It clearly said "calculate" - an response like that would get 0.
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    Re: 2013 HSC physics marathon

    Quote Originally Posted by someth1ng View Post
    It clearly said "calculate" - an response like that would get 0.
    This.

    Radius of earth = 6378km (probably should have given this)

    Therefore velocity at equator: v = (2*pi*6378000)/24*60*60

    Centripetal acceleration = v^2/r = 462.82^2/6378000=0.03373 ms^-2

    Therefore effective value of 'g' at the equator is reduced by 0.033 ms^-2, and the resultant effective value of 'g' is 9.777 ms^-2.

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    re: HSC Physics Marathon Archive

    Nice solution Habibi!

    New Question:

    A satellite is launched from the equator to a stable orbit of altitude 600km. Determine the work done on the satellite.
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    re: HSC Physics Marathon Archive

    Quote Originally Posted by Fizzy_Cyst View Post
    Nice solution Habibi!

    New Question:

    A satellite is launched from the equator to a stable orbit of altitude 600km. Determine the work done on the satellite.
    That's just calculating the change in GPE, isn't it?
    Last edited by someth1ng; 24 Feb 2013 at 8:29 PM.
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  16. #66
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    re: HSC Physics Marathon Archive

    Quote Originally Posted by someth1ng View Post
    That's just calculating the change in GPE, isn't it?
    Nope
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    re: HSC Physics Marathon Archive




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    re: HSC Physics Marathon Archive

    If Power loss = v^2/r, then why do we transmit electricity at high voltage. Should this not increase power loss? Explain.
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    re: HSC Physics Marathon Archive

    Quote Originally Posted by Fizzy_Cyst View Post
    Nope
    I'm pretty sure it is, isn't it?
    If we define work properly, let point A be on the equator and point B be the point 600km away:



    Where F is force, and x is the distance.

    By Newton's Law of Universal Gravitation:









    Where E_p is the gravitational potential energy.

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    re: HSC Physics Marathon Archive

    You should write it as P=I^2 R. Thus since power is proportional to the square of current, there is less power loss when there is low current. Since V=P/I, for a low current, there is a high voltage. Thus, a step-up transformer is used to increase the voltage for minimal power/energy loss in transmission lines.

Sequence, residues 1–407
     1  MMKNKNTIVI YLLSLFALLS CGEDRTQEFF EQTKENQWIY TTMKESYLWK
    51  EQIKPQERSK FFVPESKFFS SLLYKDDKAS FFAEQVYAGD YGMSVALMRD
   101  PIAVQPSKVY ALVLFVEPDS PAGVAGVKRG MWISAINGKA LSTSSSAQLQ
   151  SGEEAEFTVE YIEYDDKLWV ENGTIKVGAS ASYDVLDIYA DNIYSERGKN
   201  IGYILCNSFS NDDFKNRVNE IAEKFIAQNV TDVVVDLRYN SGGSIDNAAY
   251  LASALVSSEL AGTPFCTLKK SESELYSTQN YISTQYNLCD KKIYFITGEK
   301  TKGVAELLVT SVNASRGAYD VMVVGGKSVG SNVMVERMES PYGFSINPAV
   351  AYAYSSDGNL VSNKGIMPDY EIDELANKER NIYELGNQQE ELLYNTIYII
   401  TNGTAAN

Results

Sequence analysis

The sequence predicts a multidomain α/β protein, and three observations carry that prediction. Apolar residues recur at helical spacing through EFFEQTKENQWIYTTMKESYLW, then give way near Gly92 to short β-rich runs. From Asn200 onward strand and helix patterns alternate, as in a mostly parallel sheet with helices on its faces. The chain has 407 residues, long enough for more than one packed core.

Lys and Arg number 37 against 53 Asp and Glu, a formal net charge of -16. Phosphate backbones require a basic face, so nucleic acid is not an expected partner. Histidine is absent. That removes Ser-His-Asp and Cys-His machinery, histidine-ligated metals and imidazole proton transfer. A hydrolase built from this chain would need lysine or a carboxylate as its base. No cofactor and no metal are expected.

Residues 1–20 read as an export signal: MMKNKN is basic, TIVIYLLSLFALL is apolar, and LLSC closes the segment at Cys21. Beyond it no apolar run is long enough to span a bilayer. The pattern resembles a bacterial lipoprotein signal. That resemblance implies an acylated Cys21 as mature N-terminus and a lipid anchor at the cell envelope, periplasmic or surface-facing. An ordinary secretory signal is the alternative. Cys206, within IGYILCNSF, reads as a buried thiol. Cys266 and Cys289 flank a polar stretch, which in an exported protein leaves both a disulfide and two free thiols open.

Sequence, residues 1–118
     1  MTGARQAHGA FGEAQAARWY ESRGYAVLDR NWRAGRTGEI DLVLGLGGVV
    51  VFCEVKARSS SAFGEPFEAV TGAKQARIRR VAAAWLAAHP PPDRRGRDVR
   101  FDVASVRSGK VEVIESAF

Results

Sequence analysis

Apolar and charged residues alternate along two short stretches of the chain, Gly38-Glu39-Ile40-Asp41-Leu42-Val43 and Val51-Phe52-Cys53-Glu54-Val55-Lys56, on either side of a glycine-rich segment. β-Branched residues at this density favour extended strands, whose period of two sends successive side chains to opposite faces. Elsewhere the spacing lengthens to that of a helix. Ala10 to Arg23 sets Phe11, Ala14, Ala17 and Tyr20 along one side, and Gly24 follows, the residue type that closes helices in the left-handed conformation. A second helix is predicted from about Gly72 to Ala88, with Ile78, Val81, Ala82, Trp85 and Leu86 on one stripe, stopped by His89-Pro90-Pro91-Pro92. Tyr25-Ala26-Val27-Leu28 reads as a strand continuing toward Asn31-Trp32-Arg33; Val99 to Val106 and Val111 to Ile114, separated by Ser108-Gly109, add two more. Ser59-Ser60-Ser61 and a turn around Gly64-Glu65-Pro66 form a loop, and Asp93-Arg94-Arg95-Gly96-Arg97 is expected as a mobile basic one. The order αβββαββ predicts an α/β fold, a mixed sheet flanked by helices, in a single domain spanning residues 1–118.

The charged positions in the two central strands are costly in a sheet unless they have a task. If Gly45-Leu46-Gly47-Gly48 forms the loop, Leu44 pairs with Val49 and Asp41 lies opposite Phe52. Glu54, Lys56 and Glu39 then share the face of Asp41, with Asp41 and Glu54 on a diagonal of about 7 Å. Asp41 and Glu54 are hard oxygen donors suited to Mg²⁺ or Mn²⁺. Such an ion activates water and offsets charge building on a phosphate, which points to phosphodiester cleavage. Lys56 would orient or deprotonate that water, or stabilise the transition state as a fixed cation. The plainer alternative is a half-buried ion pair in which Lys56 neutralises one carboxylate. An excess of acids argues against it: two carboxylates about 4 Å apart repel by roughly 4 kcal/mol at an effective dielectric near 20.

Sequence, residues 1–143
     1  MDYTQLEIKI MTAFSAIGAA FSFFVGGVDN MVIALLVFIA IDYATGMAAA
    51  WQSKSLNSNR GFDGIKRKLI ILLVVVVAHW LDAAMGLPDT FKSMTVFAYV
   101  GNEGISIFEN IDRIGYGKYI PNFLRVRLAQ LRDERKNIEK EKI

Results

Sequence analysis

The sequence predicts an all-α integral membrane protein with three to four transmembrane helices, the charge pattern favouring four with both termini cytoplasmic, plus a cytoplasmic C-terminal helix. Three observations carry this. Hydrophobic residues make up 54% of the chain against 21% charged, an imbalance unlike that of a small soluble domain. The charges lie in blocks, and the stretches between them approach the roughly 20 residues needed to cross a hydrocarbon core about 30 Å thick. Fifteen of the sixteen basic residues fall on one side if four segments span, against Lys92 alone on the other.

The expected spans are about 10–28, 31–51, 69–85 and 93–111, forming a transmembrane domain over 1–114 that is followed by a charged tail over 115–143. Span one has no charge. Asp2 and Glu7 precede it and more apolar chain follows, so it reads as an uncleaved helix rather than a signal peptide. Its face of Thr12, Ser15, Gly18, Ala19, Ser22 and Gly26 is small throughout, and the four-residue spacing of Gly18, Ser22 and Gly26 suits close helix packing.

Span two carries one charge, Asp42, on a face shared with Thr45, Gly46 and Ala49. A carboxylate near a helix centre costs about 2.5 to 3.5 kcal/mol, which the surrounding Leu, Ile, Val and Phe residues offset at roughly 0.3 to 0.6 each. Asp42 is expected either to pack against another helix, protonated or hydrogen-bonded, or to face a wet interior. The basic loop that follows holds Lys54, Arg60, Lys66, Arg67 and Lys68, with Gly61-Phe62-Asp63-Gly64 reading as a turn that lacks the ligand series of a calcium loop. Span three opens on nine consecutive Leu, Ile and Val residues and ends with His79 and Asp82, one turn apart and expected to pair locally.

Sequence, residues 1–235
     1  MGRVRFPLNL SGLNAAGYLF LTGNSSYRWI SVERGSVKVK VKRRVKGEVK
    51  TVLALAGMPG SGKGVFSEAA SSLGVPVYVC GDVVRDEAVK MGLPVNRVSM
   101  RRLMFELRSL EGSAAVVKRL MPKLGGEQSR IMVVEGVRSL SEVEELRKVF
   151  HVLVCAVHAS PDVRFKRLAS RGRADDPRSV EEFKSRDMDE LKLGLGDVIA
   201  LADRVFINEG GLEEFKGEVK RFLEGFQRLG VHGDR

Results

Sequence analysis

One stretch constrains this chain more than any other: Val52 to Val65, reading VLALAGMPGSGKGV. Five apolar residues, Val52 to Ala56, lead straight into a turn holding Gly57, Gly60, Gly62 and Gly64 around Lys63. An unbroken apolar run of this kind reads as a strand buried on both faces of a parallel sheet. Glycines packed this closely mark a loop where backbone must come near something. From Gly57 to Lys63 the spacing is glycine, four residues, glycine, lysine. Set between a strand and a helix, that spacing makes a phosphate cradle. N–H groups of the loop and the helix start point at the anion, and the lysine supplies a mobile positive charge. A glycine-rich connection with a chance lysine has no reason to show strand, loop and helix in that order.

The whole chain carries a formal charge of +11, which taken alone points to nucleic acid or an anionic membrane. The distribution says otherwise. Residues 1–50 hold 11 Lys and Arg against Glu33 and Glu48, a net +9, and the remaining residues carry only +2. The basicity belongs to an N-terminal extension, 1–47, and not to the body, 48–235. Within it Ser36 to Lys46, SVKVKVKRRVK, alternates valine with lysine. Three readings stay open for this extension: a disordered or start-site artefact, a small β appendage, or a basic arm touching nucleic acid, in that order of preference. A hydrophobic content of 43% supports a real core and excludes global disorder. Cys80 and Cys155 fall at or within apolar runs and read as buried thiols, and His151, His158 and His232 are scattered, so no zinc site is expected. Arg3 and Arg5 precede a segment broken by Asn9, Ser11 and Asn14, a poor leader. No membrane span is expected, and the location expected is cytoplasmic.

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    re: HSC Physics Marathon Archive

    Quote Originally Posted by Sy123 View Post
    I'm pretty sure it is, isn't it?
    If we define work properly, let point A be on the equator and point B be the point 600km away:



    Where F is force, and x is the distance.

    By Newton's Law of Universal Gravitation:









    Where E_p is the gravitational potential energy.
    You are making an assumption
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    Executive Member bleakarcher's Avatar
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    re: HSC Physics Marathon Archive

    Quote Originally Posted by Fizzy_Cyst View Post
    Nice solution Habibi!

    New Question:

    A satellite is launched from the equator to a stable orbit of altitude 600km. Determine the work done on the satellite.
    Is it the change in the mechanical energy of the satellite?
    Physics is to mathematics like sex is to masturbation.” —Richard Feynman

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    re: HSC Physics Marathon Archive

    Quote Originally Posted by bleakarcher View Post
    Is it the change in the mechanical energy of the satellite?
    Yes

    Not only does work need to be done to lift it from the Earth to 600km altitude, work must also be done to make its speed increase to the orbital velocity of an orbit of alitutude 600km.

    Think about it, change in Ep is just saying 'lifting it from the surface of Earth and placing at a point 600km away', whereas this satellite is ORBITING, not just sitting there, hence it needs more energy and the amount of extra energy it needs is equal to the change in Ek of the satellite
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    re: HSC Physics Marathon Archive

    Ahh, forgot about that - that's why I'm not gonna be majoring in Physics :P
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    re: HSC Physics Marathon Archive